Imagine an ill-advised lawsuit November 30, 2008Posted by Ron Warnick in Music, Signs.
It appears a wee bit of controversy has hit the Mother Road in the form of a billboard in Rancho Cucamonga, Calif.
From the Los Angeles Times:
A group that promotes separation of church and state filed a lawsuit Wednesday against the city of Rancho Cucamonga after a billboard on Route 66 that read “Imagine No Religion” was taken down and destroyed.
The Freedom From Religion Foundation is suing the city because it says Redevelopment Director Linda Daniels, who is also named in the suit, contacted the billboard company telling it of the numerous complaints the city had received regarding the billboard and asked if the company could do anything.
“It does appear that the city was engaging in this officious intervention and has violated our free speech and our establishment clause rights,” said foundation co-President Annie Laurie Gaylor. “They used their intimidation powers against the billboard company, I believe.”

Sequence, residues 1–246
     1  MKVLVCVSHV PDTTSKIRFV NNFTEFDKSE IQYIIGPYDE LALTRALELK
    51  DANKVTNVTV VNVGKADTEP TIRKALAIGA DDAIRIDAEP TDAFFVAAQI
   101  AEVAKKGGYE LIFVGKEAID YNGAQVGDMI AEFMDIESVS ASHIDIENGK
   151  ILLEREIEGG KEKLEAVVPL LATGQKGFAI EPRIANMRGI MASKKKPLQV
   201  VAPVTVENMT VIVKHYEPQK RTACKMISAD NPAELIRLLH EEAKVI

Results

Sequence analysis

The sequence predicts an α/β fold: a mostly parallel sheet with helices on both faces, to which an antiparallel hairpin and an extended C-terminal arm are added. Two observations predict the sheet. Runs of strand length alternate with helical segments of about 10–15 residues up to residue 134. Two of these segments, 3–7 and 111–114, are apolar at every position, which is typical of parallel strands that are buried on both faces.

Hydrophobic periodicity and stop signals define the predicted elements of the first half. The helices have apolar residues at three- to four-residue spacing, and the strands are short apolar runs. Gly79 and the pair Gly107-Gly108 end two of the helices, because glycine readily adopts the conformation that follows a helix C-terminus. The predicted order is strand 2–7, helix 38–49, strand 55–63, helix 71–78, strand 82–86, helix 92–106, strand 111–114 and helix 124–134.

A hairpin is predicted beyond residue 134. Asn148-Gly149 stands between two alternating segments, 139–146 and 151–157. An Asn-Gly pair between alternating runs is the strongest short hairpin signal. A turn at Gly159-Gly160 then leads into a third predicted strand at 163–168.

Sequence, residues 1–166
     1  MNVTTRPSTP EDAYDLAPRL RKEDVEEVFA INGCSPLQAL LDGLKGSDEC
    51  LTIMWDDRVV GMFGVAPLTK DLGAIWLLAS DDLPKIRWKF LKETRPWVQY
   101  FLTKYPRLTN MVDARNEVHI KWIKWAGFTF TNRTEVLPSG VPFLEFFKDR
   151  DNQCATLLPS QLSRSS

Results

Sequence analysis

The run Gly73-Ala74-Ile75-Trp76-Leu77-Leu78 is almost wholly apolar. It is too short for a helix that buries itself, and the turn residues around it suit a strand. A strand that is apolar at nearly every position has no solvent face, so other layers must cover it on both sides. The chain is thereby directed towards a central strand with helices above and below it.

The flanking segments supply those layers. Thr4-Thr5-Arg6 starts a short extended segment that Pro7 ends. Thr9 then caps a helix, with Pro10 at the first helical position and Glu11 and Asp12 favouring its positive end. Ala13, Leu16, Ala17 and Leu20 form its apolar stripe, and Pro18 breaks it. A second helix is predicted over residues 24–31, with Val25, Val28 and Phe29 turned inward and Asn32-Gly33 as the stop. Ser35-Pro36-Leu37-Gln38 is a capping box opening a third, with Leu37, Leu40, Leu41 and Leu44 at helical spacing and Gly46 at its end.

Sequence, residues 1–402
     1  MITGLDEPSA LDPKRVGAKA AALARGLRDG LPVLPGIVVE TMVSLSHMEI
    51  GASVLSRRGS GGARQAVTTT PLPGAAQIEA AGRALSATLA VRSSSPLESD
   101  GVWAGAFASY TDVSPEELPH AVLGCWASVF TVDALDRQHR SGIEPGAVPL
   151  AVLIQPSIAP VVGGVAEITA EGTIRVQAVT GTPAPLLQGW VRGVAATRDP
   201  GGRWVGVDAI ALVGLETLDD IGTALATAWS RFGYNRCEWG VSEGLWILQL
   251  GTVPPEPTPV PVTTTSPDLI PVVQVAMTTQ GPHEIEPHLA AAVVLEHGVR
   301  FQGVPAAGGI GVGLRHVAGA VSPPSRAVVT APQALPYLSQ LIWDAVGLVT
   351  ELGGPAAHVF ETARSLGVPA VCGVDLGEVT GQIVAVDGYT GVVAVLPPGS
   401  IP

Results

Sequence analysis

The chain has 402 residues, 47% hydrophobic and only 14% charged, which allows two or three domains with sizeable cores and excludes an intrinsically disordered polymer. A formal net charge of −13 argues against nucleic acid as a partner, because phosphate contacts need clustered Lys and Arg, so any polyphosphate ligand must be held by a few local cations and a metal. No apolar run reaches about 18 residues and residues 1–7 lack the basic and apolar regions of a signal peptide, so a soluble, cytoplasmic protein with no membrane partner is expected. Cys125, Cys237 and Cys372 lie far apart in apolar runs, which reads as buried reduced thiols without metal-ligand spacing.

The billboard, which bore a stained-glass motif and the Wisconsin-based group’s name and Web address, went up around Nov. 13 and was taken down a week later, Gaylor said.
An image of the now-disposed billboard can be seen here.
I’m as big of a supporter of the First Amendment as you’ll find. But this lawsuit is wrong-headed on several levels.
First, the billboard was owned by the billboard company, not the Freedom From Religion Foundation. If a billboard company has second thoughts about a client’s message, it’s within its prerogative to remove it.
Second, because the company refunded the lease, there is a lack of monetary damages to the foundation. If anyone should be sued, it should be the billboard company for breach of contract.
Third, there’s a lack of proof the city was directly behind the billboard’s being taken down. It’s telling that the Freedom from Religion Foundation spokeswoman couches her allegations with terms such as “it does appear” and “I believe.” The only apparent evidence is that the city passed along to the company the complaints about the billboard.
The lawsuit is little more than a publicity stunt.
The billboard’s message was taken from a lyric in this song, which is a lot more thoughtful and complex: